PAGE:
Digital Billboard Examples


A billboard's main purpose is functionality. Creating a billboard is mainly about making it read. Even the best design is worthless if it is not legible from a distance. It is only after legibility has been mastered that creativity can follow.



Make the Text Large

Outdoor designs should be simple, clear and easy to read. Digital Posters should be legible from 300 feet away.

Use Bold, Non-Serif Fonts

Always use large, legible typefaces. At 500 feet, thin lines optically fade or break up and very heavy fonts blur together. Avoid decorative, italic, or serif fonts. As a general rule, upper and lower case sans serif fonts provide the best readability. When designing for digital outdoor, we highly recommend adding a thin dark stroke around the text to separate it from the background.

Stick to One Message or Idea

Simplify everything. Don't present a complex message or numerous images. Have one thing that you want your audience to do or to recognize. The best outdoor media reduces a complex message to it's essential elements.

Be Short and Sweet

Use no more than ten words total on the entire billboard – and that includes the logo/product tagline. We recommend seven words or less for the headline. Keep the words short for faster comprehension.


Use only RGB color files for digital displays. Design as you would for a website, TV or computer monitor.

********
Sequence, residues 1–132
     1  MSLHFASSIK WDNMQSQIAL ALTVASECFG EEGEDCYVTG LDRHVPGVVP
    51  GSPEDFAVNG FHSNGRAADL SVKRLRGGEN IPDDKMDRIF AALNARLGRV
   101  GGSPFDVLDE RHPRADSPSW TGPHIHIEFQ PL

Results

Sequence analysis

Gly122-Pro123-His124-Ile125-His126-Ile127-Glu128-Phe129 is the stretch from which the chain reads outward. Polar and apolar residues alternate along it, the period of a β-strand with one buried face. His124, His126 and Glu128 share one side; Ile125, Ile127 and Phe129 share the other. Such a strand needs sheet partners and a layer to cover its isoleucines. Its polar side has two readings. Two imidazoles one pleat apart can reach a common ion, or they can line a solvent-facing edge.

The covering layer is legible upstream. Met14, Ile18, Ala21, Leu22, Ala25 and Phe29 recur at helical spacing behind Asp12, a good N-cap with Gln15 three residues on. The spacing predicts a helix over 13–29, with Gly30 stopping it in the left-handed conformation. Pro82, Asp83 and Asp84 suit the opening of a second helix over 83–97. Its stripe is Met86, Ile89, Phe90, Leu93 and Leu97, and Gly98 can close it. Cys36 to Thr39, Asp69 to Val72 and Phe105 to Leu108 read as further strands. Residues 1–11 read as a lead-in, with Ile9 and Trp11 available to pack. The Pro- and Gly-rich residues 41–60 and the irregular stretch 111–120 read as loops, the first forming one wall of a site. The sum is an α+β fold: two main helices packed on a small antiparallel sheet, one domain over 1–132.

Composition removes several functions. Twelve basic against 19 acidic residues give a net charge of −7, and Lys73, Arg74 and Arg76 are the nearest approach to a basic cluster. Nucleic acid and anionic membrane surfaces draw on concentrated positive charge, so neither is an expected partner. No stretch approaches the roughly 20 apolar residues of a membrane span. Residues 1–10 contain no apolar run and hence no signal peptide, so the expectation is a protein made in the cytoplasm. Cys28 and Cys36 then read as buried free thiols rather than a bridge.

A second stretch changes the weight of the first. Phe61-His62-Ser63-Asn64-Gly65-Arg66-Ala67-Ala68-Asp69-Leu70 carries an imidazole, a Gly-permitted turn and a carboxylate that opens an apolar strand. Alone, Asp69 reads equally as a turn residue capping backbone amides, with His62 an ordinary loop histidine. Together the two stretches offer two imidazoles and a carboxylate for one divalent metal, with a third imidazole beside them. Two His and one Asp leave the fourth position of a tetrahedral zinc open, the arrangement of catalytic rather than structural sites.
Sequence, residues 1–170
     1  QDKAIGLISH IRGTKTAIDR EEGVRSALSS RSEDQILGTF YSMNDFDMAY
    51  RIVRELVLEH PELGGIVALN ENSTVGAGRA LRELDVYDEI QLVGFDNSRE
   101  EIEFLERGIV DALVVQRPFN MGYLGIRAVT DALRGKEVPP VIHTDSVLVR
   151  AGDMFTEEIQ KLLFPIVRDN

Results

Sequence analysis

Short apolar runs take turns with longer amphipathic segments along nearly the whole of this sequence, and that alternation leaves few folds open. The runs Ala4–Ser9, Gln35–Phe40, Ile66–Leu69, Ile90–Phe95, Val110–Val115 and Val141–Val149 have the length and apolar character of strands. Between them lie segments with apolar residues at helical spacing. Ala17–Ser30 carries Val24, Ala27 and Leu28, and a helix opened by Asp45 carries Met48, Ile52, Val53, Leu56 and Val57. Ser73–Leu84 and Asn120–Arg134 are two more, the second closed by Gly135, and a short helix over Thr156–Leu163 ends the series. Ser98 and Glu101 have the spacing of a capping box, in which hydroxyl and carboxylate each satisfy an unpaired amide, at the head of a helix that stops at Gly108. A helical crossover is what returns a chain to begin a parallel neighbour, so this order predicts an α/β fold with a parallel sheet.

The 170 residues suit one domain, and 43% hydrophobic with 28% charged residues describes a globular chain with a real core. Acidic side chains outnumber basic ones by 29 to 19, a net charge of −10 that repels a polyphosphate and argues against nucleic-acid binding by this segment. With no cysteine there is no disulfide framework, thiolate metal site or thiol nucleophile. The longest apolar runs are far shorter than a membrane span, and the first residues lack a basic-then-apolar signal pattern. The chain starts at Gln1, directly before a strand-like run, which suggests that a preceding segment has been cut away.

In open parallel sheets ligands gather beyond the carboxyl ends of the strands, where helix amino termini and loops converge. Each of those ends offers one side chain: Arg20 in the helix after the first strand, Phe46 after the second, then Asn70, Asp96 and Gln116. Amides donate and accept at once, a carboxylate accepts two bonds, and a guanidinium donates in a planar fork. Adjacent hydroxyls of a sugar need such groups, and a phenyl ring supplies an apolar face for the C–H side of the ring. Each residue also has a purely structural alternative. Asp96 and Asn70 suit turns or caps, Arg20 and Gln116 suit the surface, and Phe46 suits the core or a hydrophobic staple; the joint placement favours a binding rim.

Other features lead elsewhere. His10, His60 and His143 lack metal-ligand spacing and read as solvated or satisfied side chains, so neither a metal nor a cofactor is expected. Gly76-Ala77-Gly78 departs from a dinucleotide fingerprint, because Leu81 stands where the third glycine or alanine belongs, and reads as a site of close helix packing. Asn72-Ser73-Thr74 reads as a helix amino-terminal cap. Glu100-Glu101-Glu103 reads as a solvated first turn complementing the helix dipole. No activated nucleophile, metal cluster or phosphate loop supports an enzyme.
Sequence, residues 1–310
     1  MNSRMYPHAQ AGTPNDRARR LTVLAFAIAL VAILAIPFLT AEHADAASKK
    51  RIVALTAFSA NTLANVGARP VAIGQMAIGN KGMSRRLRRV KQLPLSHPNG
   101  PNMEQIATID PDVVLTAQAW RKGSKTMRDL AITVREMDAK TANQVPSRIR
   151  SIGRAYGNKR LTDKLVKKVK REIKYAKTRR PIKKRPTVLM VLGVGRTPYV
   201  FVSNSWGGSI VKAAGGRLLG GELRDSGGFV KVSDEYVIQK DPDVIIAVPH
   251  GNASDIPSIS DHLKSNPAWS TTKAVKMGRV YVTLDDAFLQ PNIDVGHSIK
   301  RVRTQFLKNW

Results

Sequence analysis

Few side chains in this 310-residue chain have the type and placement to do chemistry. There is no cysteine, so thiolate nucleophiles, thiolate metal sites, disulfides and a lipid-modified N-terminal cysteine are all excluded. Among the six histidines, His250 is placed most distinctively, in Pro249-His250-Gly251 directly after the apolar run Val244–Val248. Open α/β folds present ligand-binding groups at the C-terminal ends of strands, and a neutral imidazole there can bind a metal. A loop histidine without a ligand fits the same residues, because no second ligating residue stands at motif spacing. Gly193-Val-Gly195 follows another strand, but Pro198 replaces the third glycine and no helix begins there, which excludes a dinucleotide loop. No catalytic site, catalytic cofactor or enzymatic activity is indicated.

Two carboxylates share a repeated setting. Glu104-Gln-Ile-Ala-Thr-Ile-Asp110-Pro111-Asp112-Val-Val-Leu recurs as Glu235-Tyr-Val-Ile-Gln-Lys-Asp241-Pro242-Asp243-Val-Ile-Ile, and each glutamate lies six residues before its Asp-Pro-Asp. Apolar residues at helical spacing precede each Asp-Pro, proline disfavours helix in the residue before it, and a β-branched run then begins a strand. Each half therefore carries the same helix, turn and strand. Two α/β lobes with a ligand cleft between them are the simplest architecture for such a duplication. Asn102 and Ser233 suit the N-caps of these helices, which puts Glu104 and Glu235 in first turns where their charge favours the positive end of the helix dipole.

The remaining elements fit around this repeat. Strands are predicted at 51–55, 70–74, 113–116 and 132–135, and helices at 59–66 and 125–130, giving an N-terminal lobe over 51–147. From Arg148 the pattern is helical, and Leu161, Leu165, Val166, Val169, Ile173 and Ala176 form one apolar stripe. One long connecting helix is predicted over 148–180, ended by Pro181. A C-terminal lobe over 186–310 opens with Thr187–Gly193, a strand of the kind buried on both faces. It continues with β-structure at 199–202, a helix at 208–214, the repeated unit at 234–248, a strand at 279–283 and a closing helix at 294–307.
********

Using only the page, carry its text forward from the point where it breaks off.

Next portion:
Avoid White Backgrounds

To achieve white, a combination of all three colors must be turned on to their maximum brightness. Consequently, white backgrounds will wash out and compete with the remainder of your creative.

Use Bright, Bold Colors

Stick with fully saturated web-safe hues. Complimentary colors, such as red and green, are not legible together because they have similar value. Contrasting color combinations work best for viewing outdoor designs at far distances.

Design with High Contrast

Being subtle does not work at great distances. Strong contrast in both hue and value are essential for creating good digital out-of-home.

Pick Your Image Wisely

Take a small object and make it large (like a watch) rather than a large object small (like a building). Avoid using landscapes or complex scenes. We recommend 3 visual elements or less, total. For example: 1 image, 1 logo and 1 headline.

Forget About White Space

White space does not apply in Outdoor like in printed material. Increase your logo, font sizes and imagery! Having unused visual space at 300 - 500 feet is not recommended.

Test Your Idea

A billboard is not a print ad, the average viewing time is only about 5 seconds. A good test is to show the design to someone from a distance for only 5 seconds and then ask them about it. Did they understand it? Who was the advertiser? What do they think the advertiser wants them to do?